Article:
New Reasons to Buy

"With robust feature sets and expanded product lines, the digital SLR market is getting unprecedented attention from consumers this year. The latest generation of digital SLR cameras offers remarkable capabilities at very affordable prices, helping accelerate consumer adoption. As digital SLR cameras attract new customers into stores, retailers have the opportunity to differentiate themselves by offering a broad selection of lenses and system accessories and becoming a comprehensive resource for customers," says Nikon's Lee.

The variety of digital camera styles and models affords consumers the ability to choose the one they feel fits their lifestyle best. Leica Camera USA's President Roger Horn explains, "Over the past two years, the photography industry has seen a dramatic increase in the number of digital cameras available in the market place. To most customers, a "digital camera" for the consumer market signified a digital pointandshoot. However today, this market has further evolved to meet consumers' needs while adapting to new technology and photographic techniques. As the product market place has become more populated, the consumer has become more knowledgeable. The "megapixel" race has slowed and photography manufacturers are scrambling to find a new avenue to reach the discerning consumer."

New features that expand the users' photographic abilities are also driving growth.

"When consumers consider purchasing these products, they will expect features unheard of in years past like Live View on the LCD for composing and shooting, bodybased image stabilization systems for image stabilization with all lenses, and more compact sizes for easier portability," explains Olympus' DiCarlo.

"There's no question—advanced digital imaging technology lends to amazing photography. But advanced technology should not equal impossible to use or hard to understand. Thus, developing intuitive technologies that are so "advanced" that even a beginner can use them is truly innovative and will help continue the evolution and growth of the digital imaging space," adds Panasonic's Richard Campbell, Director, Imaging Product and Marketing Group.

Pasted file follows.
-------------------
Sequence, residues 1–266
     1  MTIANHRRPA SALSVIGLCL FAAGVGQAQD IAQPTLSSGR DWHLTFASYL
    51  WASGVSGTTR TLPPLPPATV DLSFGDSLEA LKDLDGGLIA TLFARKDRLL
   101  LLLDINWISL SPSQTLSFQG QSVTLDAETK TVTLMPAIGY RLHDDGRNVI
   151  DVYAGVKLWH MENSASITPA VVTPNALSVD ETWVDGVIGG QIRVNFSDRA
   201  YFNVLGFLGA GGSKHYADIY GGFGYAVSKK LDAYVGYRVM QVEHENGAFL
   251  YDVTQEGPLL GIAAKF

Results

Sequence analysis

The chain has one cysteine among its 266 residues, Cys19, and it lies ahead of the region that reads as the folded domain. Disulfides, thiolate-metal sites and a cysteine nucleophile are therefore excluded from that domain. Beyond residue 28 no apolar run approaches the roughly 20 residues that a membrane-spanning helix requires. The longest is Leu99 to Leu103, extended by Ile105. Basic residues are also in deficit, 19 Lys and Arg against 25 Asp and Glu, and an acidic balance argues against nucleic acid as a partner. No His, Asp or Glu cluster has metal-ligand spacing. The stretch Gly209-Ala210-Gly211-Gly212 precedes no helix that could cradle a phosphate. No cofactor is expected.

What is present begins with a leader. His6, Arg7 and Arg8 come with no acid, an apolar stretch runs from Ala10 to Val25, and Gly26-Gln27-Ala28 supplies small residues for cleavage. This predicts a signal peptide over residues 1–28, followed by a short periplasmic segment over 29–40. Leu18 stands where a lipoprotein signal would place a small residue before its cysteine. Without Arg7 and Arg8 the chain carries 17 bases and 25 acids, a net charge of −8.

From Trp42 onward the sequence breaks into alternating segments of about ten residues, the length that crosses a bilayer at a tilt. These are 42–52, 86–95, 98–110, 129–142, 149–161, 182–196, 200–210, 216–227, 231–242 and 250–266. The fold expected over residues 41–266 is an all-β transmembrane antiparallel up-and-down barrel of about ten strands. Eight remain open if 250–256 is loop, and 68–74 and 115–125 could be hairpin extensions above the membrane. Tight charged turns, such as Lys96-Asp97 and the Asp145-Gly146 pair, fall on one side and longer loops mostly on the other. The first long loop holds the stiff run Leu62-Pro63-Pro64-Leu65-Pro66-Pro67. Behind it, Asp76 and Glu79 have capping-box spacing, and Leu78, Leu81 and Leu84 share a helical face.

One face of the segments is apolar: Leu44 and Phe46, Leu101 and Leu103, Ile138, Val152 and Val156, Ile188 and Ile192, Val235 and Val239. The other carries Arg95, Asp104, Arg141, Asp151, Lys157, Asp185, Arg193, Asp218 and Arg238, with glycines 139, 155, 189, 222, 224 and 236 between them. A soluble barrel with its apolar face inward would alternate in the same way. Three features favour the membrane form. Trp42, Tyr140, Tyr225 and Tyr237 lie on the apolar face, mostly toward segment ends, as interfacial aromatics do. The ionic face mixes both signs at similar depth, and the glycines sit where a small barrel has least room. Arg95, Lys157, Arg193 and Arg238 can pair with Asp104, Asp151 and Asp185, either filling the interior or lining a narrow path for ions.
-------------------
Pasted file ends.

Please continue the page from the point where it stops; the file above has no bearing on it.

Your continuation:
"Blur continues to be a major complaint among photographers—meaning image stabilization must be a standard on a digital camera, not a feature. Consumers should feel confident that regardless what camera they choose, they are guaranteed technologies that allow them to maximize their imaging experience," says Campbell.
"As the entrylevel shooter actively searches for a more advanced digital camera, they are going to find that the landscape has changed drastically when it comes to the technologies that are available, notes Stewart Henderson, VP, Marketing, Samsung OptoElectronics America: "The intimidation factor of this new landscape will play an important role in a consumer's decision making processes and it's imperative that photo retailers recognize their importance and how valuable their guidance is to consumers at this time. For continued growth, it's essential that photo retailers demonstrate their expertise, guide their customers, and help them embrace the myriad new technologies that have been introduced since their last digital camera purchase.